Here's the latest on this incident:
3 men are arrested in suspected SMU hazing
5 others also charged in pledges' water-drinking incident
04:02 AM CST on Tuesday, December 9, 2003
By MICHAEL GRABELL / The Dallas Morning News
Eight men could face up to 20 years in prison if convicted of assaulting Southern Methodist University fraternity pledges with an unusual deadly weapon: water.
In a northeast Dallas apartment last month, Braylon Curry and another SMU fraternity pledge were forced to drink hot sauce and gallons of water and were beaten with wooden paddles, authorities said.
Mr. Curry, an SMU junior, went into a coma, suffering from pulmonary edema, a condition in which water enters the lungs, and hyponatremia, a sodium imbalance brought on by excess fluid consumption, doctors said.
"If they refused to drink, if they stopped drinking, if they weren't drinking fast enough, they were beaten with paddles," said Bill Turnage, a deputy Dallas police chief in the northeast division.
Dallas police arrested three men in the case Monday and have issued arrest warrants for five more connected with Alpha Phi Alpha fraternity.
SMU students Brandon Perry, 20, and Cornelius Smith, 21, were taken into custody in their dormitory rooms. Another man, Uche Kalu, 23, was arrested at his apartment.
Mr. Kalu remained in Dallas County jail Monday night, with bail set at $25,000. Mr. Perry and Mr. Smith were released after posting bond; their bail had been set at $25,000 each.
One student who has not been arrested attends another area college, police said.
The weight of the felony charges is unusual for hazing cases and could challenge the state's definition of "deadly weapon," hazing experts and attorneys said.
"When the Legislature wrote that statement, they didn't know it was going to be used for water and for air," said Greg Westfall, a criminal defense attorney in Fort Worth. "We're seeing more and more folks getting creative with how high they can make the offense."
Texas law defines a deadly weapon as anything that in the manner of its use or intended use is capable of causing death or serious bodily injury.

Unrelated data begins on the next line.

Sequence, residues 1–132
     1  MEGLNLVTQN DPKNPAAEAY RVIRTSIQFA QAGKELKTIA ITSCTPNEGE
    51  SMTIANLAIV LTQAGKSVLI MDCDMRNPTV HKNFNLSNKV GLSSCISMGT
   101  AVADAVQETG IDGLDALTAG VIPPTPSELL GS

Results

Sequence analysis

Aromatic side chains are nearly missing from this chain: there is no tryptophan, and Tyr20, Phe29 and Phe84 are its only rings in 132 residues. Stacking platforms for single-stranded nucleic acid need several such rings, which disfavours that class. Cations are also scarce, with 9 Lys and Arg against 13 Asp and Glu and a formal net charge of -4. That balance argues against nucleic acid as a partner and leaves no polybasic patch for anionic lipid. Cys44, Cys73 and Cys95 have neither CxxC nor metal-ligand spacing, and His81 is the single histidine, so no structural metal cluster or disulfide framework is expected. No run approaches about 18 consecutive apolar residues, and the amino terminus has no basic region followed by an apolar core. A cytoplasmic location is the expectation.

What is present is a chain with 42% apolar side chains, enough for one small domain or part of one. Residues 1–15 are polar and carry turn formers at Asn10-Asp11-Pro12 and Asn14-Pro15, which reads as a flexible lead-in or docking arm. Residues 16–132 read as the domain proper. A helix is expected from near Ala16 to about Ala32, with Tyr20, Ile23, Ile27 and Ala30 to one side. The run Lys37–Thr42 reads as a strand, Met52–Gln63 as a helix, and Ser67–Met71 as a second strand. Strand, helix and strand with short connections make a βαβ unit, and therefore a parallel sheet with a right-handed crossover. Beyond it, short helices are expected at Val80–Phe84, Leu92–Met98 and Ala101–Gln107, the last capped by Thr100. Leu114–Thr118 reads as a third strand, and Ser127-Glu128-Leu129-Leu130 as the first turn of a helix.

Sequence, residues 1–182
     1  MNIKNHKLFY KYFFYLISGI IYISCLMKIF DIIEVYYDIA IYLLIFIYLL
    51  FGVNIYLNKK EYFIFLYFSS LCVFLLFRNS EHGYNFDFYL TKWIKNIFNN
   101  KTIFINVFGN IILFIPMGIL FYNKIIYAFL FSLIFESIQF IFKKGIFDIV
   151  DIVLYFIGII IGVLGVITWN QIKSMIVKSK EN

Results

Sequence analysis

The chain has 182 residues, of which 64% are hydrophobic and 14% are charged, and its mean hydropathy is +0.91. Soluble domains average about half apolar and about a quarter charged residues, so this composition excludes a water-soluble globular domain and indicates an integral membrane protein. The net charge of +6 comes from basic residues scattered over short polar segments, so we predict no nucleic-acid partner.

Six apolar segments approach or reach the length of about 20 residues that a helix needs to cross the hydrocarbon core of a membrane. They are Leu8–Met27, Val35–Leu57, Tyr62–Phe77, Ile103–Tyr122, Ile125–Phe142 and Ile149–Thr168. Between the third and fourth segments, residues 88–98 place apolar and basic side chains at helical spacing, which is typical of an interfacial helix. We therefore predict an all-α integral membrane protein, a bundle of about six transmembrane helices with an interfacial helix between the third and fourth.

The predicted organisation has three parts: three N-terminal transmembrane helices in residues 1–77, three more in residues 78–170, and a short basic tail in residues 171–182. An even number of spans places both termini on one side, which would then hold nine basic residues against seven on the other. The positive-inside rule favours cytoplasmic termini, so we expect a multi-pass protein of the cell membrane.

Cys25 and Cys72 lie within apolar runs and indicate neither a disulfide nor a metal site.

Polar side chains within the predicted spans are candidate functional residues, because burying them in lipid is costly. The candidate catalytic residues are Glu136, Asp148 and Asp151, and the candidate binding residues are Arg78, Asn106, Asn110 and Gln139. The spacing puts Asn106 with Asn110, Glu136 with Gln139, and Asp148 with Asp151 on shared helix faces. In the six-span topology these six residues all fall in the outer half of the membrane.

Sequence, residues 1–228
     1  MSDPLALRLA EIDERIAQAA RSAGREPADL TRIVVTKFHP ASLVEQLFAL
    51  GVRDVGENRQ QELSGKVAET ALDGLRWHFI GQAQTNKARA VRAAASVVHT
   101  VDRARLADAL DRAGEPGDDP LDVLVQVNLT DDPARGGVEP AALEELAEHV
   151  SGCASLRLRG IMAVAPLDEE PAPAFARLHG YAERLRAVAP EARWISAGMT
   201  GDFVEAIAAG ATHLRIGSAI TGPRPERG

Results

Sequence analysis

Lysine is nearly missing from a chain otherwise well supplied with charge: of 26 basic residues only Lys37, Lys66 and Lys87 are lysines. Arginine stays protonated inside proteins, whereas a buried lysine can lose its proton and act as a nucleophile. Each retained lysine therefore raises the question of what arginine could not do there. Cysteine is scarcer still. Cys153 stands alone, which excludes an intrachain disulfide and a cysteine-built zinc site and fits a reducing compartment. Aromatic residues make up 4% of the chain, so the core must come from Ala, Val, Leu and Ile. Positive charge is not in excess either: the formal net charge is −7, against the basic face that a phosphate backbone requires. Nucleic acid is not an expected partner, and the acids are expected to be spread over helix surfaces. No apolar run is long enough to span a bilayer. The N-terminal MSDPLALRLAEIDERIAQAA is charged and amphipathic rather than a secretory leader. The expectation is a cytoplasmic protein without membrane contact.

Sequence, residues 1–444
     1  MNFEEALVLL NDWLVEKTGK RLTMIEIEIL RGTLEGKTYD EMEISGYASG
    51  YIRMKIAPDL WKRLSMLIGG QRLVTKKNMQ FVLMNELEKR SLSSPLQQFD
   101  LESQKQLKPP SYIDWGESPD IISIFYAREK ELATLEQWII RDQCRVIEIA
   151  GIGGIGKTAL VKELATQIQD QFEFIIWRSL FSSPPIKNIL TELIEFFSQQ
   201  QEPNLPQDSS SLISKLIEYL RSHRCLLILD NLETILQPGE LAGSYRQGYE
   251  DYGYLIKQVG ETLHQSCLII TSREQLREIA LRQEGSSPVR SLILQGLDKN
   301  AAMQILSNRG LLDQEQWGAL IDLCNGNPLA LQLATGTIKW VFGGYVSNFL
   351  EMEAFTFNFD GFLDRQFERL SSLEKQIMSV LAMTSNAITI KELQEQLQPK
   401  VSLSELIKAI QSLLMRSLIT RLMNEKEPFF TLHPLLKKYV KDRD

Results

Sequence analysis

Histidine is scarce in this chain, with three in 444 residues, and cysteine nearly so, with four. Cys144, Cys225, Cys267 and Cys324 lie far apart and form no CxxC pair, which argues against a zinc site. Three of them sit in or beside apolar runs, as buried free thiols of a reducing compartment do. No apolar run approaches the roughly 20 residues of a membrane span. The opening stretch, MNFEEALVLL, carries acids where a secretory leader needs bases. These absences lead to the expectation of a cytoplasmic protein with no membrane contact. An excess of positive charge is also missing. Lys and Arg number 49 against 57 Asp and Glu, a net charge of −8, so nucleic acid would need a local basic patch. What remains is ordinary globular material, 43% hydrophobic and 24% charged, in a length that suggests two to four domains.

To prove their case, prosecutors will have to show that the fraternity members knew the dangers of drinking too much water.
SMU officials said the university had held an educational anti-hazing event the Friday before the Nov. 14 incident and published a half-page advertisement of Texas hazing law in the campus newspaper that day.
"They had prior knowledge that consuming that much water could cause death or serious bodily injury," Deputy Chief Turnage said.
In a similar incident in Plattsburgh, N.Y., 11 members of a State University of New York fraternity faced charges including criminally negligent homicide after an 18-year-old student died from drinking excessive amounts of water through a funnel.
The students all pleaded guilty to the lesser charge of hazing. One student faces a one-year jail sentence, was expelled from the university and was ordered to pay thousands of dollars to produce an educational video on the dangers of hazing as part of the plea deal.
In Texas, vehicles, fists and pencils have been classified as deadly weapons.
"We have had cases in Texas before where items were declared deadly weapons, and I'm not really sure should have been," said Cynthia Orr of the Texas Criminal Defense Lawyers Association.
She pointed to a 2000 case in Austin in which a man was accused of giving cocaine to a minor 20 to 30 times. The court found that cocaine was not a deadly weapon because the man did not intend to injure the victim, and because the minor ingested the cocaine voluntarily, she said.
SMU has suspended the Alpha Phi Alpha fraternity from campus and is considering disciplinary action against four students as part of its own investigation, said Jim Caswell, SMU's vice president for student affairs.
"There's no question to the seriousness of this, and the charge again reflects that," he said.
The national organization, Alpha Phi Alpha Fraternity Inc., plans to revoke the charter of SMU's chapter at its January meeting, said Harry E. Johnson Sr., the fraternity's general president.
"We don't tolerate any form of hazing. That's not a part of our initiation process," he said. "We're just happy that the young man is doing better, and the students will have to face the consequences of the court."
Mr. Curry, 21, has lost about 20 pounds and is recovering at home in Maryland, said his father, Bishop Curry III.
"We're basically just trying to provide support and nurture him back to health," he said. "He's weak. He's lost a considerable amount of weight."
Dr. Curry said his son will complete requirements for fall semester's courses in the spring and hasn't decided whether he will return to SMU full-time.